Modesto budget woes have some questioning Mancini Park makeover

With Modesto preparing sharp cuts to public safety, some residents are starting to vent about public money spent to spruce up parks and trails.

A few Modestans question a $4.67 million project to revamp Mancini Park, most often used by residents of Ceres and a county unincorporated area. The park on River Road sits across the Tuolumne River from the nearest Modesto neighborhood.

Sal Rodriguez was baffled when he read a Modesto flier describing the park improvements this week. His car was stolen twice last year and four times he has walked outside his home to find his car burglarized.

"I think it's a waste of money," said Rodriguez, who lives two blocks from the park. "We have law enforcement being cut. Our public safety is the most important. That is where our tax dollars should be going."

Residents say that county deputies, Ceres police and even Modesto police respond to 911 calls from the neighborhood, and they're distressed about the shrinking budgets of all three departments.

"There is so much gang activity and shooting at night, I've had pellets hitting my home," Rodriguez said.

Still, Modesto's Parks and Recreation Department is pushing forward with the Mancini project, which features a new playground and picnic area, basketball court, baseball field and soccer fields.

City officials said the park project has support from the neighborhood and that community members were involved in designing the plans.

Julie Hannon, parks and recreation director, said money for improving Mancini Park does not come from the general fund, used to pay for police and fire services.

The park is part of the Tuolumne River Regional Park System, a joint venture of Modesto, Stanislaus County and Ceres. Modesto, which maintains the park, is applying for a grant to fund the improvements through the Statewide Park Development and Community Revitalization Program.

A state decision on grant awards is expected in the fall.

"If the funding is available through the state, we like to take advantage of it locally," Hannon said. "It will improve our parks and also put some people to work working on our parks."

Another project that might have to fight perceptions is the next phase of the Virginia Corridor bike and walking path in Modesto.

In September, work is supposed to start on extending the popular trail from Granger Avenue to Bowen Avenue, with a pedestrian bridge over Briggsmore Avenue. The cost: $3 million.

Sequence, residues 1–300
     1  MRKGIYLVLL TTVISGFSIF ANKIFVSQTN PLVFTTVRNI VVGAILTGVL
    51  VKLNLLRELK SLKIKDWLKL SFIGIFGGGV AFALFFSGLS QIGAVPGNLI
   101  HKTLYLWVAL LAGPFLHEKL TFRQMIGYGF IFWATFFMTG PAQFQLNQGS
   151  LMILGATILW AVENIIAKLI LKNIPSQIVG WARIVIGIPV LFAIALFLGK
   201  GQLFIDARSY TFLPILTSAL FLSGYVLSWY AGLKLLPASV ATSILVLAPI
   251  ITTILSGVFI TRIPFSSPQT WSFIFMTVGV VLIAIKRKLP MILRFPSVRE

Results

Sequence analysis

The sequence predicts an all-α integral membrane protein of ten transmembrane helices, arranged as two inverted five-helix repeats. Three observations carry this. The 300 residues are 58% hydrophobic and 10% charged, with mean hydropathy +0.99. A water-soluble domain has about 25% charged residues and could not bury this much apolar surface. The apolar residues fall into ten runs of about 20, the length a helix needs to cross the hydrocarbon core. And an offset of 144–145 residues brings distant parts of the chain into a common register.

Hannon gave the same justification for the Virginia Corridor work. It's mainly funded by outside grants for specific projects.

Other capital projects will move more slowly, she said, as the parks and recreation budget shrinks from $11.5 million this year to $10.6 million in the fiscal year that starts July 1.

Councilman Joe Muratore said public safety is the top priority, but the park projects make for a better quality of life in Modesto.

"At first I questioned the purpose of Mancini Park but realized it was a narrow grant, and that park is well-used by residents in that area," he said. "We need to make full use of the resources that are available. If we don't use the grant money, it is going to be used somewhere else in California."

Neighborhood opinion is mixed about Mancini Park. The park is a memorial to Frank Mancini, a beloved music man who helped found the Modesto Symphony. His former house sits on the property.

Supporters say the improvements will encourage more families to frequent the park and push out drug users, homeless people and gangs. Others argue that improvements will bring more people and problems to the neighborhood.

"They don't have the resources to police the place at night," said Gabriel Thompson, a retired New Jersey policeman who rents the Mancini home from the city. "I think they are making a mistake."

Some of those concerns were raised at a public workshop Wednesday, but many residents seemed to warm to the plan, organizers said.

"We are trying set the tone to remove the stigma that has been attached to the park for a number of years," said David Duran of the citizens advisory council for Tuolumne River Regional Park. "Getting people there will address a lot of those problems. Those problems will move away."

Bee staff writer Ken Carlson can be reached at or 578-2321.